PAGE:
Unity should prevail. This was the message former Greek Prime Minister and main opposition New Democracy leader Antonis Samaras highlighted while addressing the party’s MPs behind closed doors earlier today. As he further stressed, he is in not “glued” to his chair but he would not consider leaving the party’s leadership at such a critical point in the country’s history.
Samaras’ appearance was seen as a clear message to all directions that he is not willing to step aside or start the process for his succession in the wake of the heavy electoral defeat the party suffered in January 25 and opinion polls revealing the gap between ruling SYRIZA and New Democracy is constantly growing, reaching an enormous 22.1 percentage points. On the opposite, Samaras challenged any New Democracy MPs that doubt his leadership to openly state it and request the procedure for a leadership congress.
Once again, the former Prime Minister attacked the SYRIZA-led government, saying they “know that their unity is fragile and the toughest fight is still to come,” while adding that “we are not in a hurry to break them apart. They are in a hurry to destroy themselves with what they do.”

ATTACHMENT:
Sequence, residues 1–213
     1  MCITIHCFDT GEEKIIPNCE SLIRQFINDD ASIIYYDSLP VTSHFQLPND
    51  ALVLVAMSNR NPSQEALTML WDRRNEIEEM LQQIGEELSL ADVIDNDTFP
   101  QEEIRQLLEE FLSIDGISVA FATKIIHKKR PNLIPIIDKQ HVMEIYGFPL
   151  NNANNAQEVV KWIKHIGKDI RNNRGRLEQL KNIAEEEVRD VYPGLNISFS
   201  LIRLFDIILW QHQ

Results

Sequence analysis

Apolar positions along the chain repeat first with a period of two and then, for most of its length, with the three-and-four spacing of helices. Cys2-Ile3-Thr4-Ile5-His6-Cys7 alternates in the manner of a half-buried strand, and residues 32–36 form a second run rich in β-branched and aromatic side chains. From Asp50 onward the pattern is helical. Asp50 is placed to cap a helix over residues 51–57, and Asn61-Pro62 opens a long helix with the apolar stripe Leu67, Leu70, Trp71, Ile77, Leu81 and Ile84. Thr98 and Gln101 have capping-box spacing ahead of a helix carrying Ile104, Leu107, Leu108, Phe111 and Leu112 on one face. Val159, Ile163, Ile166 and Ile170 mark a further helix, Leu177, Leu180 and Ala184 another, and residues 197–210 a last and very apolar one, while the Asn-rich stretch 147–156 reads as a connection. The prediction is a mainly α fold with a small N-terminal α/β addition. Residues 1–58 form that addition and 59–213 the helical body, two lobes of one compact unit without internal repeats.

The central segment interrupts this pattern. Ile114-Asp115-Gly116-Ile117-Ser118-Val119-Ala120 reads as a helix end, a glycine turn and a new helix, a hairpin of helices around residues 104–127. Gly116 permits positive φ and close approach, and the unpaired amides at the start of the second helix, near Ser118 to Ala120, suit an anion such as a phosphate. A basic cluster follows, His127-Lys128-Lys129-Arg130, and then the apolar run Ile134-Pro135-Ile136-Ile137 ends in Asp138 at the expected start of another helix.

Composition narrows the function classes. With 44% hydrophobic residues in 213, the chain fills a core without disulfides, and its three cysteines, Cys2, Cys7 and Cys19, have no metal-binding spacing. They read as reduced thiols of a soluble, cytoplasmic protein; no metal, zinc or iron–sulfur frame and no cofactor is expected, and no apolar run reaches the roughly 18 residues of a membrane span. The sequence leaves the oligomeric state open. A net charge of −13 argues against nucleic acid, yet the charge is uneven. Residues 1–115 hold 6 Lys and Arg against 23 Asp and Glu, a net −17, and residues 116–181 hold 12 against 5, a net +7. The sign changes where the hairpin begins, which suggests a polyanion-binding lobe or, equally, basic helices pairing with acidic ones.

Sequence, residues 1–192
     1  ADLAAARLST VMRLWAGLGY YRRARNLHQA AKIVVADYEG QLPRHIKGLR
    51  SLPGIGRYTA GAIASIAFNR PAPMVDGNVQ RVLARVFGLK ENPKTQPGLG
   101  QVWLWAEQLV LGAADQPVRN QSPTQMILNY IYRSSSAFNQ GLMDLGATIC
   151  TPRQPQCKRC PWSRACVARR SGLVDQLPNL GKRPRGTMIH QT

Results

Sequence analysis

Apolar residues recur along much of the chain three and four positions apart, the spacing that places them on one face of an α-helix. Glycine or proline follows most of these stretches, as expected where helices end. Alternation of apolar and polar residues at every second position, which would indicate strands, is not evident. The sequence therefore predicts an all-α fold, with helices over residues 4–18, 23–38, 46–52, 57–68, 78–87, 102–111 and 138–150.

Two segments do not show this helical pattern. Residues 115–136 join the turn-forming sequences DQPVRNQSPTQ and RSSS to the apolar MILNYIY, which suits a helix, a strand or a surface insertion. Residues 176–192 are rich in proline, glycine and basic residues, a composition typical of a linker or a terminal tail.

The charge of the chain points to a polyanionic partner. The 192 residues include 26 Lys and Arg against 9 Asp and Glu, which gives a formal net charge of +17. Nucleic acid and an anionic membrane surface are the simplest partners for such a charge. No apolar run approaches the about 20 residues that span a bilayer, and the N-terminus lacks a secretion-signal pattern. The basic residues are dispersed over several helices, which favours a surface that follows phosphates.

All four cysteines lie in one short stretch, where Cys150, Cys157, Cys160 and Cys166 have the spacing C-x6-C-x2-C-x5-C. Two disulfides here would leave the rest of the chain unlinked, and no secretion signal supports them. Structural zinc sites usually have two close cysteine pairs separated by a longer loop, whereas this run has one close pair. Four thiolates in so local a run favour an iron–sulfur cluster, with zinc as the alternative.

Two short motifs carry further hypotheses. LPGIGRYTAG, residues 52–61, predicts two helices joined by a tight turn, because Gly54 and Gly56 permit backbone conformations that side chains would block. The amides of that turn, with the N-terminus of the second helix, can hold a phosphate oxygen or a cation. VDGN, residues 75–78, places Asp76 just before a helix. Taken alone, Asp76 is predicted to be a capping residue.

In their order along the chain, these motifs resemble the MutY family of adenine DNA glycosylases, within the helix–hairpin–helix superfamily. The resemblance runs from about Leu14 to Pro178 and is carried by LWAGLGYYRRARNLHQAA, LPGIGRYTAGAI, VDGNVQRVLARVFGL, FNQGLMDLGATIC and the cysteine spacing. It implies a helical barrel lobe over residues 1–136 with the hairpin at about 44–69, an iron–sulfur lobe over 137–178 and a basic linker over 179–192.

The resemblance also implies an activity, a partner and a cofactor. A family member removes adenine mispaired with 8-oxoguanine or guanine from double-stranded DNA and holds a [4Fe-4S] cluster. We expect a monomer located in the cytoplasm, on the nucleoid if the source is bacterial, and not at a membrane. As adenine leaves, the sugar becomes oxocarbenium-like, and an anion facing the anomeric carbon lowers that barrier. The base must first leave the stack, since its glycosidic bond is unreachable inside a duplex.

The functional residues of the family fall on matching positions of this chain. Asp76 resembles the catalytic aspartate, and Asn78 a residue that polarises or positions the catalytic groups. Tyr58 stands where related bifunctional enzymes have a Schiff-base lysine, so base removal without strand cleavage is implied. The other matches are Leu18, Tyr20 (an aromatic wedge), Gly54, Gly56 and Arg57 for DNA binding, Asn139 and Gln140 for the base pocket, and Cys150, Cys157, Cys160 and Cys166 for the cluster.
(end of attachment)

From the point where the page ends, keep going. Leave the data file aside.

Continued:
In the days following the electoral defeat, a number of New Democracy MPs and members have publicly accused Samaras and his closest associates for a wrong strategy that lead to the defeat. Among others, former government spokesperson of the Karamanlis administration Evangelos Antonaros has once again spread discomfiture among party members after tweeting that the party should proceed to a “political redefining in order to get rid of the extreme right schlock and neo-liberal doctrine.” At the same time, former Foreign Affairs Minister of the Karamanlis administration between 2006 and 2009 Dora Bakoyannis, in a recent interview to Greek TV, did not rule out the possibility of challenging the party’s leadership in the near future after what was seen as a major defeat in the recent Greek general elections. “What I have to say, I will say it to the Parliamentary Group,” she declared then, adding that Greece needs a “healthy and powerful center right front,” which does not reflect New Democracy’s current situation.